Duterte says sorry for 'unintended' drug war killings
MANILA, Philippines – President Rodrigo Duterte apologized for the killing of innocent people whom he called "collateral damage" in the government's war on drugs.
"There were really killings unintended, I'm sorry there has to be casualty," the President said in an interview with ABS-CBN on Thursday, December 29.
As of December 29, there have been at least 6,200 victims of the bloody crackdown on illegal drugs. Over 2,100 suspected drug personalities have been killed in police operations. As of December 15, at least 4,000 are victims of extrajudicial or vigilante-style killings. (READ: IN NUMBERS: The Philippines' 'war on drugs')
But the President noted that crime has "considerably gone down" during his 6 months in office.
Duterte, however, denied again that there are state-sanctioned killings. He also said the drug war is not focused on the small drug users.
"I will not go for the small guys, kawawa lang yan (they are pitiful)," he said.
New Year message
Duterte, meanwhile, has a strong New Year message for the drug coddlers.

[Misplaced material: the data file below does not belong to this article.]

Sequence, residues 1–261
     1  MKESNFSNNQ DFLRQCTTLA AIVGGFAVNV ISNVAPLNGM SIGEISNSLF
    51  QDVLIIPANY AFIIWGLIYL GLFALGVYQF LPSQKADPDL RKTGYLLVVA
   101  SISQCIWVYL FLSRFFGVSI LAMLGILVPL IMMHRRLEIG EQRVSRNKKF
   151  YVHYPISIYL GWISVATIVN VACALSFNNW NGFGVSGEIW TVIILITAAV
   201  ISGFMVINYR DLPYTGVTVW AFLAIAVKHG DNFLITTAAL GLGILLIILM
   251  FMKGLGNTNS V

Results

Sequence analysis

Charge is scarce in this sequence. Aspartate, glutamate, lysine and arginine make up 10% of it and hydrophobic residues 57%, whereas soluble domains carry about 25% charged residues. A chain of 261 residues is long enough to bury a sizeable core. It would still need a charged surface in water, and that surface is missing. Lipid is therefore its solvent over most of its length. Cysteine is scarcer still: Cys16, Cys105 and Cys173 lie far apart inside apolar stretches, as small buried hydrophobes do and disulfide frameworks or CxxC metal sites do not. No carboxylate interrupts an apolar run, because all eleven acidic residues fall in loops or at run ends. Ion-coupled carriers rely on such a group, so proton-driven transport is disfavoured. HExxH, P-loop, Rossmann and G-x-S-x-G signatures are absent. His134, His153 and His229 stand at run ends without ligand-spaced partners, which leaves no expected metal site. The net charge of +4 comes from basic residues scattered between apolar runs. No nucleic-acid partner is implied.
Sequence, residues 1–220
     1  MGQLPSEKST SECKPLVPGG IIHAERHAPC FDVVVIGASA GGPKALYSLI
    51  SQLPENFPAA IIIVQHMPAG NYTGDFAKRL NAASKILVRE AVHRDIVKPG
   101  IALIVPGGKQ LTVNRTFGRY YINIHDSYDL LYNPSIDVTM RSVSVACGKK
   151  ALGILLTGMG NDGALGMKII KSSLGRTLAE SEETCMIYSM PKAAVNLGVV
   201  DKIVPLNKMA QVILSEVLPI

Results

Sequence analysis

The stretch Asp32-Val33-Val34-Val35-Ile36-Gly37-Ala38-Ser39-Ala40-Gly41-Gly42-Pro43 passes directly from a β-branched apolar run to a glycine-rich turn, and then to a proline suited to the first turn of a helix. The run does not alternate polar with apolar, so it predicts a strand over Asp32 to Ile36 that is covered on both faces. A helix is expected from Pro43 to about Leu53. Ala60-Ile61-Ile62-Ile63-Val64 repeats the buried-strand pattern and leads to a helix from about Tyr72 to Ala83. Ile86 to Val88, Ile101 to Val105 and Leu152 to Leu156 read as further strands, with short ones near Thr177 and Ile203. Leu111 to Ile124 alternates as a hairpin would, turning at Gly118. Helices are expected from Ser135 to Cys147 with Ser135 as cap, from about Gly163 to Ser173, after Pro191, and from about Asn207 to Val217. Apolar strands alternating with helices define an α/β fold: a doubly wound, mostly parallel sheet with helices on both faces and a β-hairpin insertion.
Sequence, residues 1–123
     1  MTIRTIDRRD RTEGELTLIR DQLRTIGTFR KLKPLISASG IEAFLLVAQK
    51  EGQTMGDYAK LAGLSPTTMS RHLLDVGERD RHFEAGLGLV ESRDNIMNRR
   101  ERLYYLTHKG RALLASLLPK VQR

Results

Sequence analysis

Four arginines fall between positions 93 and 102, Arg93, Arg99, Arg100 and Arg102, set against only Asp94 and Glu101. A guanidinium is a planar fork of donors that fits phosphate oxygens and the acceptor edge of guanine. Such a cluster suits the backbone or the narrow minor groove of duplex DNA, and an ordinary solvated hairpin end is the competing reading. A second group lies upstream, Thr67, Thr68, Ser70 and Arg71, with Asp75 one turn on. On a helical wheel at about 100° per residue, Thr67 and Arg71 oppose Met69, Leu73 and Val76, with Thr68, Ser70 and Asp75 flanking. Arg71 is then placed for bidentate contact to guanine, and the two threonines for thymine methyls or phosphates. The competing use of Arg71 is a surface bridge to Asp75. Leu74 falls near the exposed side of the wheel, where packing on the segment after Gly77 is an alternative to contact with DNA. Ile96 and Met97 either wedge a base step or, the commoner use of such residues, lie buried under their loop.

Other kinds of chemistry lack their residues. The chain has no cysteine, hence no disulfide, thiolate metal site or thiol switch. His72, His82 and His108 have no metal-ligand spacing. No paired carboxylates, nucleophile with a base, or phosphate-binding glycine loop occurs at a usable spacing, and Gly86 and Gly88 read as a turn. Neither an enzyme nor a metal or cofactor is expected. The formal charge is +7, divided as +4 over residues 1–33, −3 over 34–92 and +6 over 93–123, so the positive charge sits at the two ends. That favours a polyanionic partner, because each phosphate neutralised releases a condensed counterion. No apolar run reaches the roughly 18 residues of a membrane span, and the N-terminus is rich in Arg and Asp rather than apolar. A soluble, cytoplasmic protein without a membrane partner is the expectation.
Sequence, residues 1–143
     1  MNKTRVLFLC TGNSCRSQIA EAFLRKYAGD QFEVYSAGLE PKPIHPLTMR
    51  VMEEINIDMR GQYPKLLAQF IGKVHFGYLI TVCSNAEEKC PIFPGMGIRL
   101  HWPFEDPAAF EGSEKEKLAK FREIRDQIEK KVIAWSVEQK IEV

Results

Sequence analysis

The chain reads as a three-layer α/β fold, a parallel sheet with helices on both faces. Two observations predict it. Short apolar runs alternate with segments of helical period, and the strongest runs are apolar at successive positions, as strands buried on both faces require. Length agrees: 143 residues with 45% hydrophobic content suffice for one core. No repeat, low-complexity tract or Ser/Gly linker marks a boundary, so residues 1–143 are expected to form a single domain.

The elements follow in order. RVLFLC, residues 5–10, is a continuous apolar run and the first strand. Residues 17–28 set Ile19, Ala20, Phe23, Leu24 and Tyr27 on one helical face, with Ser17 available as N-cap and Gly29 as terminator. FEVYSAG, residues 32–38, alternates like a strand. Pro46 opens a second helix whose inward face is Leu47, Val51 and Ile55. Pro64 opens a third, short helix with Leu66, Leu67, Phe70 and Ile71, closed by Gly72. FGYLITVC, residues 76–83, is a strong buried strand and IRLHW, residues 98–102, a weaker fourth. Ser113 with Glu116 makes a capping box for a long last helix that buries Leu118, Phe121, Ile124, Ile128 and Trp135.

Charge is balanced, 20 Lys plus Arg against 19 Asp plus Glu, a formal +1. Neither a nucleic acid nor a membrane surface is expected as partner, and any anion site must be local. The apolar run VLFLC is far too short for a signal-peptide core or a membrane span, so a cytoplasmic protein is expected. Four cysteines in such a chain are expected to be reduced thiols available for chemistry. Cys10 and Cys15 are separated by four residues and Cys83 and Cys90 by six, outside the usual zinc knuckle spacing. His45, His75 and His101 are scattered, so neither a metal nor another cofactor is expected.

"Sa mga durugista, I'm sorry I have t appear strong to my people. Do not do that to my country. So sana kung ano gusto ninyo mawala na ang patayan, huminto na kayo," he said.
(To the drug peddlers, I'm sorry I have to appear strong to my people. Do not do that to my country. So if you want the killings to stop, you should stop.)
Eliminating drugs and criminality within 3 to 6 months was Duterte's main campaign promise.
But in a separate interview also on Thursday afternoon, Duterte said the 6-month deadline was a miscalculation because the drug problem has become complicated due to terrorist threats.
“We have terrorism which is being fed with drugs in Mindanao and Visayas. Ang problema pati dito sa Luzon (Luzon faces the same problem), so we are trying to figure it out," Duterte said in an interview with CNN Philippines.
He also said that there are over 6,000 public officials involved in drugs, composed mostly of barangay captains, governors, and generals. – Rappler.com